Engineers at Rex Bionics in New Zealand developed an exoskeleton that allows people paralyzed from the waist down to walk again. Unlike other models, the Rex exoskeleton has a joystick control and doesn't require crutches.
Brian Shaffer tests an exoskeleton developed by researchers at Vanderbilt University at a rehabilitation center in Franklin, Tenn. The exoskeleton locks around the legs and feet. To stand up, a paralyzed person simply leans forward.
Paralyzed from the waist down, Amanda Boxtel walks with the aid of a bionic exoskeleton in London in 2011. Users learn to walk in the Ekso Bionics device with rehabilitation technicians controlling their steps before walking on their own.
Claire Lomas, a paraplegic, walks the last mile of the London Marathon in May 2012. Starting out with 36,000 other runners, she averaged two miles a day with the help of a bionic ReWalk suit by Argo Medical Technologies.
Robert Woo and Theresa Hannigan, both paraplegics, complete a one-mile walk in the ReWalk exoskeleton, developed by an Israeli company called Argo Medical Technologies. Argo's devices have been approved for personal use in Europe, but need FDA approval for sale in the U.S.
Steve Holbert (center), a paraplegic, demonstrates NeuroRex, a bionic exoskeleton suit augmented with a neural interface cap, developed by researchers at the University of Houston. Holbert controlled the robot's movements with his thoughts.
NASA recently announced the development of an exoskeleton for paraplegic rehabilitation use and astronaut strength training. NASA engineer Shelley Rea demonstrates the X1 Robotic Exoskeleton for resistive exercise, rehabilitation and mobility augmentation.
A robotic suit that gives the wearer superhuman powers sounds like the stuff of science fiction. But technology like that is making the leap from fantasy to reality.
Though much of the gear is still experimental, the equipment is giving some paraplegics a chance to walk again.
Researchers at Vanderbilt University in Nashville, Tenn., for instance, have developed a robotic exoskeleton that straps over paralyzed limbs. With crutches, paraplegics can stand, walk and even climb stairs.
"It's really a lot like a legged-Segway," says Michael Goldfarb, an engineer at Vanderbilt and head of the exoskeleton project. "You lean forward to walk forward, lean less forward and cause it to stop, lean back and cause it to sit."
The researchers have tested the model with patients at the Shepherd Center, an Atlanta hospital that specializes in spinal cord and brain injuries. And the developers have licensed their model to Parker Hannifin Corp., a maker of industrial equipment, which aims to get a product on the market by 2014.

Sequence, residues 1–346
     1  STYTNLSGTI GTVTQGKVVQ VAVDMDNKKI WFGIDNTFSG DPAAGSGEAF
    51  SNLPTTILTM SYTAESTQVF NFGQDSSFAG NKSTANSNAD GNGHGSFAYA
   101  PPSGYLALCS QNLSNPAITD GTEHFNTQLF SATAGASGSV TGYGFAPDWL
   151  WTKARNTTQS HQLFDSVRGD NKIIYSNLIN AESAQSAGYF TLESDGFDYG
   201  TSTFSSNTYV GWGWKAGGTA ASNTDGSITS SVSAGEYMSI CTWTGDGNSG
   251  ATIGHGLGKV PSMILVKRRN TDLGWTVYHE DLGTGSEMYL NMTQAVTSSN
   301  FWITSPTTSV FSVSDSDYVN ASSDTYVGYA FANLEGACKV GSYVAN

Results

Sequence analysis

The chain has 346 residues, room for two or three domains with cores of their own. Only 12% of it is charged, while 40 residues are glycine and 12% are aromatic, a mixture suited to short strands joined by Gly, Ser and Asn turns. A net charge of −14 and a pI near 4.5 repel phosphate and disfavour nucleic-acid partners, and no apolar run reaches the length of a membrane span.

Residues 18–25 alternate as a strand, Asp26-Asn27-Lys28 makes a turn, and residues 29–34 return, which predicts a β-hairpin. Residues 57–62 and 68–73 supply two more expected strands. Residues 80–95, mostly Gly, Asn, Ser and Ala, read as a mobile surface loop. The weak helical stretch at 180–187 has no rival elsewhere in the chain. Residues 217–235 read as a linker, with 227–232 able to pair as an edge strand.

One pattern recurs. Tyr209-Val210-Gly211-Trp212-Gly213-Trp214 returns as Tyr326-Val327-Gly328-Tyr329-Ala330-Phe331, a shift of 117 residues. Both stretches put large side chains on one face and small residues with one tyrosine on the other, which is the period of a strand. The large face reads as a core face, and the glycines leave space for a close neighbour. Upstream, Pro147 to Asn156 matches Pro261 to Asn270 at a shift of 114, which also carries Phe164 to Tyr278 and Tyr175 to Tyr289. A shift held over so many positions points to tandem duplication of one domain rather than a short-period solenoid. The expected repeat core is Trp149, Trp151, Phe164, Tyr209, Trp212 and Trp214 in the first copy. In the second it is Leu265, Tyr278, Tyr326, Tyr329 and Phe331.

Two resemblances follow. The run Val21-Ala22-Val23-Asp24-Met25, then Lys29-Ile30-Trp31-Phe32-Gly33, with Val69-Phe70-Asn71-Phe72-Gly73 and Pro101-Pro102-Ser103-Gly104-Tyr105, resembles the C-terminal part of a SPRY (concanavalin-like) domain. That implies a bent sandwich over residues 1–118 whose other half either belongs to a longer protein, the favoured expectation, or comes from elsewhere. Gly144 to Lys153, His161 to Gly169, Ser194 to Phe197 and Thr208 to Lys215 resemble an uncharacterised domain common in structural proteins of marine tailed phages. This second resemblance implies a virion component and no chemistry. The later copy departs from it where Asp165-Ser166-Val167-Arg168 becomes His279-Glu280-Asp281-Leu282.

The Ekso device and Argo's exoskeleton called ReWalk are only available in rehabilitation centers and hospitals in the U.S. for now.
To move wearable robots like these from hospital to home will require approval from the U.S. Food and Drug Administration. And clinical trials to show there are health benefits for the exoskeletons are already under way. "What we really are selling until we have clinical proofs is a gadget," Eythor Bender, Ekso's CEO, tells Shots.
A patient walking with the Vanderbilt exoskeleton outside the Shepherd Center in Atlanta, Georgia, in August 2012. "For us it was really important that it was portable, so someone could put it on the back of their wheelchair and take it to the park," says Vanderbilt engineer Michael Goldfarb.
How do these contraptions work?
The Vanderbilt model is powered by four motors — one at each hip and knee joint — that are controlled by two micro-computers. With crutches for balance, users lean forward to stand up and control their steps with hip placement. To take a step with their right foot, they shift their weight onto their right hip. The battery lasts for about two hours of continuous walking.
The ReWalk and Ekso devices employ similar but slightly different designs. ReWalk uses a wrist band to control movement, and Ekso includes a control pad to adjust various walking factors. The Rex exoskeleton is heavier (84 pounds), but it stabilizes the body, leaving the hands free.
The Vanderbilt device incorporates electrodes that are affixed to the skin and tell a person's muscles when to contract and relax to move the device. When the user's legs get tired, the motors kick in based on an adaptive computer algorithm that Goldfarb's team developed. "It looks at what you did during your last few steps, and it alters from person to person and within a person from day to day and hour to hour," explains Goldfarb.
The companies want to take their devices mainstream. But, the prices are high. Ekso's rehab model runs $140,000 plus a $10,000 yearly service fee. The ReWalk devices costs $87,500.
Argo plans to submit a personal version of ReWalk (expected price around $52,500) for FDA clearance by the end of the year. Until the devices receive the regulatory stamp of approval from the FDA, it's unclear how much insurance companies would cover, says Vanderbilt's Goldfarb.
Most companies have models for everyday personal use in the works, but none have received FDA's OK yet.
"All these systems are designed differently," says Jose Contreras-Vidal, an engineer at the University of Houston in Texas. "We don't know which system is best for whom." Developers hope to tailor exoskeletons for those suffering from paralysis due to stroke or muscular dystrophy, as well.
Regulatory hurdles aside, the next technological step is controlling the robot with the mind. Contreras-Vidal has already developed a cap that measures brain signals and translates them into instructions for the Rex exoskeleton.
"By augmenting these exoskeletons, we can reach a larger population," says Contreras-Vidal. "At the same time we can learn more about how the brain works."